About the overreliance, Gifford writes: “If a trifling thing is to be told, [Hazlitt] will not mention it in common language: he must give it, if possible, in words which the Bard of Avon has somewhere used”.This “constant stitching in of these patches”, Gifford argues, leads to “deformity” in Hazlitt’s style (Gifford 1818, 426).To make a subtle distinction of meaning that may easily be missed, while egotism names the quality of being excessively conceited or absorbed in oneself, “egoism”, which is often used interchangeably with “egotism”, is also a philosophical term for the theory that one’s self is—or should be—the fountain from which motivation springs.
In 87 pages, Hazlitt takes to task his staunchest critic’s comments about his work not only by pointing out Gifford’s selling out to power, or as Hazlitt puts it, his being “by appointment, literary toad-eater to greatness, and taster to the Court” (Hazlitt 1819, 41), but also by responding in detail, sometimes line by line and word by word, to Gifford’s many objections to his writing, among which is Hazlitt’s quoting and misquoting of Shakespeare.1 , contributed significantly to the canonization of Shakespeare in the early nineteenth century.
However, while as John Kinnaird points out, “after 1820 Hazlitt never returns (except, incidentally in one essay [“Sir Walter Scott, Racine, and Shakespear [ the echoing of Shakespeare, and he also points out inaccuracies in these quotations: “Next to want of precision, the most striking peculiarity of his style is the odd expression with which it is diversified, from popular poets, especially from Shakespeare” (Gifford 1818, 426).
The personal essay form has traditionally been shaped by two formidable forces, pulling in what may seem like diametrically opposed directions.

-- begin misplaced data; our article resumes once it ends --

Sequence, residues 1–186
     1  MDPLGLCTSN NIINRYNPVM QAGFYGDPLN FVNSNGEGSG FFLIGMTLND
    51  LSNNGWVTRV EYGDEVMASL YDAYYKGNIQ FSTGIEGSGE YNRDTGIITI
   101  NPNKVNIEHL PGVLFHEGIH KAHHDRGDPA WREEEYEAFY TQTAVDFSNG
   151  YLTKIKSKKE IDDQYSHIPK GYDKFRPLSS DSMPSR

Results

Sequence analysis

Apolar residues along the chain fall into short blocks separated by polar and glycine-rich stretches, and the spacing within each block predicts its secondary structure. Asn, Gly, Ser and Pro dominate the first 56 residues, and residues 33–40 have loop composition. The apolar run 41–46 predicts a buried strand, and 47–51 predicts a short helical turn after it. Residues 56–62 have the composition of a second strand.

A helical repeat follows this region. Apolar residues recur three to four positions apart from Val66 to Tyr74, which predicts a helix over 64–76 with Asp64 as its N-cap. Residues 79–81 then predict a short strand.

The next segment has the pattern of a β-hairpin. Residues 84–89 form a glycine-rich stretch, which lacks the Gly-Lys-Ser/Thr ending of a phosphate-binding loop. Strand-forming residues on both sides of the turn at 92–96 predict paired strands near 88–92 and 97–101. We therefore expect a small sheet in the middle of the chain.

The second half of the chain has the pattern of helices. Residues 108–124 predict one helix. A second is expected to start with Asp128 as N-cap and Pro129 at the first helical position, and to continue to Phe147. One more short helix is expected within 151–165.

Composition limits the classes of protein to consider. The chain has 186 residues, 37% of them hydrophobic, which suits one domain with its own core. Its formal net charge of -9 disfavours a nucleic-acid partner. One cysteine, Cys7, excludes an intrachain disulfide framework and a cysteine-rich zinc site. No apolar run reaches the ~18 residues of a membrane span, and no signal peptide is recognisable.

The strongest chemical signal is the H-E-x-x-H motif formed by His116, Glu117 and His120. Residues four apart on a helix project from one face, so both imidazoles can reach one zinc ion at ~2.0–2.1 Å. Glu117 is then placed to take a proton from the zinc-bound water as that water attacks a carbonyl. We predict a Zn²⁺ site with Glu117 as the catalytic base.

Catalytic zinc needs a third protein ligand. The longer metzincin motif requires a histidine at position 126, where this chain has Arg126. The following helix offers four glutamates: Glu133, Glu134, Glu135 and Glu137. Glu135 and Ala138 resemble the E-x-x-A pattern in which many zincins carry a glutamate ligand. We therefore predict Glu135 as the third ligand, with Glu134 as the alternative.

On the one hand, there is the centrality of the self of the essayist or what Virginia Woolf describes as the tendency of the essayist to veer towards “egoism”: [I]f you say that an essay is essentially egoistical you will not exclude many essays and you will certainly include a portentous number.
The essayist shows this openness by quoting freely and frequently.
Montaigne (1533–92), widely considered the father of the modern essay, already embodies these opposite forces as he quotes extensively, especially from classical sources, while, at the same time, writing about very personal issues in such a way that, as he puts it, his “kinsfolk and friends [may] therein recover some traits of [his] conditions and humors, and by that means preserve more whole, and more life-like, the knowledge they had of [him]” (Montaigne v).
L’essai personnel obéit traditionnellement à deux principes fondamentaux, qui peuvent sembler difficilement conciliables : la place centrale occupée par le sujet et une culture littéraire partagée.
Cet article examine cette dynamique contradictoire : la force centripète qui ramène constamment le propos à la figure de l’essayiste et la force centrifuge qui le conduit à se faire l’écho d’une communauté d’écriture partagée.
This essay explores these contrary dynamics: the centripetal force that pulls the world towards the essayist and the centrifugal veering of the essayist towards a shared community of writing through the echoing of others.
It does this by looking at William Hazlitt (1778–1830) and, more specifically, at Hazlitt’s assiduous echoing of Shakespeare in his personal essays.